SINGAPORE -- Singapore-based hotel and resort operator Banyan Tree Holdings announced Thursday AccorHotels has bought a stake in it and was seeking to grow the luxury brand outside Asia.
AccorHotels will invest an initial 24 million Singapore dollars ($16.9 million) in Banyan Tree. The investment in the form of a convertible debenture will give AccorHotels a stake of about 5% in Banyan Tree, with an option to buy an additional 5% later on.
AccorHotels hopes to offer its customers a wider selection of luxury hotels through its investment in Banyan Tree. "Our plan is to expand the Banyan Tree brand globally but particularly outside of Asia -- in Europe, the Caribbean and the Middle East," said Gaurav Bhushan, global chief development officer of AccorHotels.
Both companies will develop hotels under the Banyan Tree umbrella. Banyan Tree also owns spas, golf courses and the Angsana resorts which are targeted at families. Earlier this year, AccorHotels, already Europe's largest such group, bought FRHI Holdings for $2.7 billion. That deal gives AccorHotels control over the Raffles, Swissotel and Fairmount brands of hotels.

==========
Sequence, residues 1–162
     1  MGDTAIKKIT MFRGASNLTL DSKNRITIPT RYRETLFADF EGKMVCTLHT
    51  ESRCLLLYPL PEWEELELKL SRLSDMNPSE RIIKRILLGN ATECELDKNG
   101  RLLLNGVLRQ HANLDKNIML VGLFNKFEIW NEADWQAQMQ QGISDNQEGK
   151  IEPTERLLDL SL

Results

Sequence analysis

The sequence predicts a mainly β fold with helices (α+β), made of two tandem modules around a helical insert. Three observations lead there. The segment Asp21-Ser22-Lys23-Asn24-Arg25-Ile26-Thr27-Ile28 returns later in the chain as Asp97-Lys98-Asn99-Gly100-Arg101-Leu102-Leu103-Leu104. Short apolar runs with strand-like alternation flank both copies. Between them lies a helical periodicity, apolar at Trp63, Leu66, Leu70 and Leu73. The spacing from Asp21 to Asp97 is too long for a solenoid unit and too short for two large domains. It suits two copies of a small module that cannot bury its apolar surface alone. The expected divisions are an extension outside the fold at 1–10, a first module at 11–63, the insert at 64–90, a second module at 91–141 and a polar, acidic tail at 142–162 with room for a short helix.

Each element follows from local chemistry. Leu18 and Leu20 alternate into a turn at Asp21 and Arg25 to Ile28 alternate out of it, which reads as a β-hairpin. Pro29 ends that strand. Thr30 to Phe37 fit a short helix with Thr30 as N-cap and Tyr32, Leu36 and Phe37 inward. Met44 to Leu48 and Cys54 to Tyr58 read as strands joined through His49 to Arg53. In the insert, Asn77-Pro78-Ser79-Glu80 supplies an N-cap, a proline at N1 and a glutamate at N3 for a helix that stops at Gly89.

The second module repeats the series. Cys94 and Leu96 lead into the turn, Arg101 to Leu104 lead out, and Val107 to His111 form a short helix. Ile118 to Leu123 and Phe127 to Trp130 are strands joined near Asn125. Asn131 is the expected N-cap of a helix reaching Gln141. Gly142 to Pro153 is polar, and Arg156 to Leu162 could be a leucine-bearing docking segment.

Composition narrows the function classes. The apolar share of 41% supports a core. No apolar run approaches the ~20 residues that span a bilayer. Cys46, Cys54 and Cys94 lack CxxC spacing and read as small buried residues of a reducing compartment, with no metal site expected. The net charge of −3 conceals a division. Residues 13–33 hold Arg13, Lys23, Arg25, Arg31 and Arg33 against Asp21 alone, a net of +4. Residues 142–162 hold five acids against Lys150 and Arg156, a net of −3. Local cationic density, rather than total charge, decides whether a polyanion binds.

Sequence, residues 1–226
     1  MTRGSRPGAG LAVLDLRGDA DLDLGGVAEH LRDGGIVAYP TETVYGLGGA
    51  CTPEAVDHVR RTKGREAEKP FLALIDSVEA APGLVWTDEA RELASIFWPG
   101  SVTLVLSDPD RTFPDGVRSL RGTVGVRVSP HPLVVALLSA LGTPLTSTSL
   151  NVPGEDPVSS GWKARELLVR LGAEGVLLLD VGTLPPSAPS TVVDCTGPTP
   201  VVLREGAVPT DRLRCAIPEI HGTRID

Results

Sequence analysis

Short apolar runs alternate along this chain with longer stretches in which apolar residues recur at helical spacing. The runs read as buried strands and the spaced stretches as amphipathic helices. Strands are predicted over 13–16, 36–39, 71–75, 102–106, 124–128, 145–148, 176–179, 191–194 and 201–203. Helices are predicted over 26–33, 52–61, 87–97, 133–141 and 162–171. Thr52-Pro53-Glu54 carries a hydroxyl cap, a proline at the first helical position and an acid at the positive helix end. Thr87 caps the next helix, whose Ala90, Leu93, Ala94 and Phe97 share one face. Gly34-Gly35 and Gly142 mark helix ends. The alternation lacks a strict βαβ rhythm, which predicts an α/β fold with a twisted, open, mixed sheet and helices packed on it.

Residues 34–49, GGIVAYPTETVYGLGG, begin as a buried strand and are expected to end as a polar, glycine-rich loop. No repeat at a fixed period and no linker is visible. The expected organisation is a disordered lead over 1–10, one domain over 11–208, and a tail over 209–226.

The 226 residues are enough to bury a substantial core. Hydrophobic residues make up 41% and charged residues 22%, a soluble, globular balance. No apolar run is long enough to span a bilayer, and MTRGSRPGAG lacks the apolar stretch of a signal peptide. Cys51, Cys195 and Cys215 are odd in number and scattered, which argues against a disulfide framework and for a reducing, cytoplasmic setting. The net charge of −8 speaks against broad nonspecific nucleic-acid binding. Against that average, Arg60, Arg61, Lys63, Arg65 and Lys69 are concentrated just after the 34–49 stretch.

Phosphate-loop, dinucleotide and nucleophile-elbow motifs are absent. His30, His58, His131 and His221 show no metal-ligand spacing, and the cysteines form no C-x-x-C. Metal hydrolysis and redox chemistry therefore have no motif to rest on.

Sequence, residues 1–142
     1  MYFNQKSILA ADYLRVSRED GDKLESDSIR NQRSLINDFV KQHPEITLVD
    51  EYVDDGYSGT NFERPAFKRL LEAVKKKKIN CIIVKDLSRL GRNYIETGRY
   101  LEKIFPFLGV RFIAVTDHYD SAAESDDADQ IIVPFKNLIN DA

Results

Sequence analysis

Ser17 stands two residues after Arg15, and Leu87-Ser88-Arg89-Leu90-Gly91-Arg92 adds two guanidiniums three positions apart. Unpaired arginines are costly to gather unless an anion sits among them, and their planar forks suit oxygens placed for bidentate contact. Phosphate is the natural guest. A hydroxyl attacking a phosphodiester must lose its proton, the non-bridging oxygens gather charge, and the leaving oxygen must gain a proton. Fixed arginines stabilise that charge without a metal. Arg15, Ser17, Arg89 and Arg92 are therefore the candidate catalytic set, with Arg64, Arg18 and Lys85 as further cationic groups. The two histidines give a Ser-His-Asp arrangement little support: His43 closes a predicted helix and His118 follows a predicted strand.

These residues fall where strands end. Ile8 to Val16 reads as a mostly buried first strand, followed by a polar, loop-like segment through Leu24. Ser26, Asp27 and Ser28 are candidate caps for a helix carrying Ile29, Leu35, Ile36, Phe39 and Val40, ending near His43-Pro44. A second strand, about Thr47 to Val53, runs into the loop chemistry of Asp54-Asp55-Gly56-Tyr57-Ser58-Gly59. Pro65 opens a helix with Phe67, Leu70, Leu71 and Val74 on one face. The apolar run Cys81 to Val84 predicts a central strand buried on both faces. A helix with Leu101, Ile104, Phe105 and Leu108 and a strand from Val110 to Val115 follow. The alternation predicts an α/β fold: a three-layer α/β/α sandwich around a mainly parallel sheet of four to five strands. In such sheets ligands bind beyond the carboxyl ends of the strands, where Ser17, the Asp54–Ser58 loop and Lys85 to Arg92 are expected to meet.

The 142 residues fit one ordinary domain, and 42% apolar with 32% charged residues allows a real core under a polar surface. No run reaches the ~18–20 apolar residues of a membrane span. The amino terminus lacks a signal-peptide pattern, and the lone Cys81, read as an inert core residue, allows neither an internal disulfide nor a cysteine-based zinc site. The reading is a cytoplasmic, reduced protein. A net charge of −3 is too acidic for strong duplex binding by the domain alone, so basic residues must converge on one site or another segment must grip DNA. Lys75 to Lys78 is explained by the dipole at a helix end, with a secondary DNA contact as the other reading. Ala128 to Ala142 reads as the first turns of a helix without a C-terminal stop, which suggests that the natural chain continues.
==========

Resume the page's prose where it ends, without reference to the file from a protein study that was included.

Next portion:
This latest partnership will allow Banyan Tree to access a wider pool of customers through AccorHotels' global reservations and sales network as well as its loyalty program. Banyan Tree hotels and resorts in Asia have been hit by sluggish demand.
It reported a net loss of S$10.81 million for the quarter ended September, almost double the amount reported in the same period last year. Revenue for the quarter was down 23% year-on-year at S$62.6 million.
But Thursday's news cheered investors. Banyan Tree stock shot up by about 10% from the previous day to S$0.435, the highest in more than two months.
Banyan Tree has been keen to establish a presence elsewhere, including in Cuba, Turkey and Morocco, to grow its brand and offset lower occupancy rates in its primarily Asian base. Early next year, Banyan Tree will open a resort in Cuba's Jardines del Rey archipelago, known for its pristine beaches and diverse wildlife.